Article

Career Advice: New Principal Conflicts

Suzanne Tingley on resolving principal conflicts and working in the same school you once attended.

  • Grades: PreK–K, 1–2, 3–5, 6–8

New Principal Conflicts

Q | I had a conflict with my new principal over his sudden decision to change my room and now he’s not very friendly. What can I do to improve things?

A | New or inexperienced principals often underestimate how big a task it is for teachers to change rooms, especially without notice. And teachers often underestimate how much new principals dislike being challenged. Still, there’s hope for getting past this problem.

First, put the classroom move behind you. It’s over and done. Greet your principal in the halls; make eye contact. Show your support at faculty meetings by being positive. If your class is doing something of note, invite him in to see it. Treat him with the same respect you showed your former principal.

My guess is that when he sees the original conflict wasn’t personal, he’ll move past it, too. If, after several months, he’s still unfriendly, you may want to have a frank chat with him. Take the opportunity to express that while things didn’t start well, you would like to work with him for a successful year. If things still don’t improve, it might be a good idea to apprise your union representative of the situation. At some point, your principal will schedule a formal observation of your teaching, and you want to be sure the early conflict doesn’t color his perception of your classroom performance.


Former Teachers as Peers

Q | I got a job teaching at the middle school I attended. Some of my former teachers are now my colleagues. When I’m around them, I feel like a kid. How can I assert myself as a peer?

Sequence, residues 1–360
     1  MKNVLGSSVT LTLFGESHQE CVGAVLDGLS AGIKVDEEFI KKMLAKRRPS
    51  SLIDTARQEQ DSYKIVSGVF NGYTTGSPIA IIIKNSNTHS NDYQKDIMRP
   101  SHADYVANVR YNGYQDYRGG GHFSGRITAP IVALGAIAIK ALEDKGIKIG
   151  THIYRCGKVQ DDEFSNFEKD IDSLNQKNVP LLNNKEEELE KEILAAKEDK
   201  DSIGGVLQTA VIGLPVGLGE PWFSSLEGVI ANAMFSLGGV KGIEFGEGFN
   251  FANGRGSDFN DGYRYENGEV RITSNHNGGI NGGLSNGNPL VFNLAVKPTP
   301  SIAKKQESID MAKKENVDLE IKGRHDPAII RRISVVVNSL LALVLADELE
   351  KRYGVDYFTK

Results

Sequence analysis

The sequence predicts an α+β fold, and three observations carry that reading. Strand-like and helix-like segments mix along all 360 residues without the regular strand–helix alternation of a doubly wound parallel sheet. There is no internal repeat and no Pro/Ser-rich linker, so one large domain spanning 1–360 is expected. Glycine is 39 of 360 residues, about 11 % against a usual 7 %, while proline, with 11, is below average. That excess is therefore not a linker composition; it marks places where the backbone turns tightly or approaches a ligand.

A | As a principal, I hired an outstanding young man who, like you, would now be teaching with his former teachers. One of the veteran teachers sardonically nicknamed him “Skippy.” Every time he had an idea, the veteran would say, “Yeah, we tried that once, Skippy, and it didn’t work.”

“Skippy” kept his sense of humor and remained respectful. He wasn’t afraid to ask his former teachers for advice. He didn’t spend a lot of time hanging out in the faculty room because he had plenty to do. He learned to listen more and talk less. He dressed like an adult. He didn’t try to be buddies with his students. By his second year, everyone, even the veteran, called him by his name. 

If you demonstrate in word and action that you are an adult teaching professional, you will earn your colleagues’ respect and soon feel more comfortable as a member of the faculty.  

Question for Suzanne Tingley?
E-mail: instructor@scholastic.com

Suzanne Tingley is a former teacher, principal, superintendent, and education professor. Her Practical Leadership blog can be found at scholastic.com/administrator.

 

top
Instructor Cover

Instructor Magazine

Six issues per year filled with practical, fun, teacher-tested ideas for your classroom. Keep up with classroom trends, get expert teaching tips, and find dozens of resources in every issue.